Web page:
Background & aims: Endoscopic tri-modal imaging (ETMI) incorporates high-resolution endoscopy (HRE), autofluorescence imaging (AFI), and narrow band imaging (NBI). A recent uncontrolled study found that ETMI improved the detection of high-grade dysplasia (HGD) and early carcinoma (Ca) in Barrett's esophagus (BE). The aim was to compare ETMI with standard video endoscopy (SVE) for the detection of HGD/Ca with the use of a randomized cross-over design.
Methods: Patients referred for work-up of inconspicuous HGD/Ca were eligible and underwent both SVE and ETMI in randomized order within an interval of 6-12 weeks. During ETMI, inspection with HRE was followed by AFI. Detected lesions were inspected in detail with NBI and biopsied, followed by random biopsies. During SVE, any visible lesion was biopsied followed by random biopsies.
Results: Eighty-seven patients with BE underwent ETMI and SVE. No significant difference was observed in overall histologic yield between ETMI and SVE. ETMI had a significantly higher targeted yield compared with SVE because of AFI. However, the yield of targeted biopsies of ETMI was significantly inferior to the overall yield of SVE. Detailed inspection with NBI reduced the false-positive rate of HRE + AFI from 71% to 48% but misclassified 17% of HGD/Ca lesions as not suspicious.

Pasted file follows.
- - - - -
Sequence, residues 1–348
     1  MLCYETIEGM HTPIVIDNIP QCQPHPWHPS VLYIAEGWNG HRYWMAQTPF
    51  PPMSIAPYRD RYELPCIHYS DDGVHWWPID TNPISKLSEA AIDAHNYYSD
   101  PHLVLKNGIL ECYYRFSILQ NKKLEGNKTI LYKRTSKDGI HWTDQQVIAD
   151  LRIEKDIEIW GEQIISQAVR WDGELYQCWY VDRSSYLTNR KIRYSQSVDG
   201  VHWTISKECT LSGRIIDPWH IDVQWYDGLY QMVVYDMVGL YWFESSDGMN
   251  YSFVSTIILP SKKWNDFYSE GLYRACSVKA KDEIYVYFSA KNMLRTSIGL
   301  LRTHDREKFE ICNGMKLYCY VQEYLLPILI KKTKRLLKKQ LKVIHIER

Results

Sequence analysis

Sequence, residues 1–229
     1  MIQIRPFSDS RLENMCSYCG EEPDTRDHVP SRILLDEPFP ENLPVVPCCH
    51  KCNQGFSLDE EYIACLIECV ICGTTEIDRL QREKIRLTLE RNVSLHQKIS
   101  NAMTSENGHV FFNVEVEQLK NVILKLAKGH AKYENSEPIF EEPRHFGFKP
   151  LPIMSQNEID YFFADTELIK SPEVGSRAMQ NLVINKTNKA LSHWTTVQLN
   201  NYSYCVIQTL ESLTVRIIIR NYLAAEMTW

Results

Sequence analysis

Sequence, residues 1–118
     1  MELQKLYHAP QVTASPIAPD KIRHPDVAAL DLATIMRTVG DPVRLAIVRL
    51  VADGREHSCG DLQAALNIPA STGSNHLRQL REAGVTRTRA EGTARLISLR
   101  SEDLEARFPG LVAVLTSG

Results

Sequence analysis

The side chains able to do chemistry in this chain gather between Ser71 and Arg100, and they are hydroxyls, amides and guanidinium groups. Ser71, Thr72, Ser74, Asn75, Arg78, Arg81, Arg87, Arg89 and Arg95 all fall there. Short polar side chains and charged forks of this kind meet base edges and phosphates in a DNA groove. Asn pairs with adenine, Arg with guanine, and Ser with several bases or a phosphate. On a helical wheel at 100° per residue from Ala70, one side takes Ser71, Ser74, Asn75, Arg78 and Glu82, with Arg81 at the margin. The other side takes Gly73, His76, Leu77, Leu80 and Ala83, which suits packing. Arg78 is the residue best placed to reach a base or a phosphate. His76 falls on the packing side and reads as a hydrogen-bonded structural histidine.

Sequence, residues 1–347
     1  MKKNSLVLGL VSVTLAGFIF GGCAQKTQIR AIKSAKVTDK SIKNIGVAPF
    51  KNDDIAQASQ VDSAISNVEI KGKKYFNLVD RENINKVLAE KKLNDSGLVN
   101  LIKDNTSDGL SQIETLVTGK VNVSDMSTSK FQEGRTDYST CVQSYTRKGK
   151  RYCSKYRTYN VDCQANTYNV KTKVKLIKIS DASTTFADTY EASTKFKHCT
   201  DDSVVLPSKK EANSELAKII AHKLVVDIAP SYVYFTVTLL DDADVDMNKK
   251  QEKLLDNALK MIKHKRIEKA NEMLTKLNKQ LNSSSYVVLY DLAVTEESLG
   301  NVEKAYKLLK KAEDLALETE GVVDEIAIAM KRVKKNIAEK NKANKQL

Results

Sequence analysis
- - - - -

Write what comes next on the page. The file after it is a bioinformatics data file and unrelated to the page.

Conclusions: ETMI statistically significant improves the targeted detection of HGD/Ca compared with SVE. Subsequent characterization of lesions with NBI appears to be of limited value. At this stage, ETMI cannot replace random biopsies for detection of lesions or targeted biopsies for characterization of lesions in a high-risk population.
Copyright © 2010 AGA Institute. Published by Elsevier Inc. All rights reserved.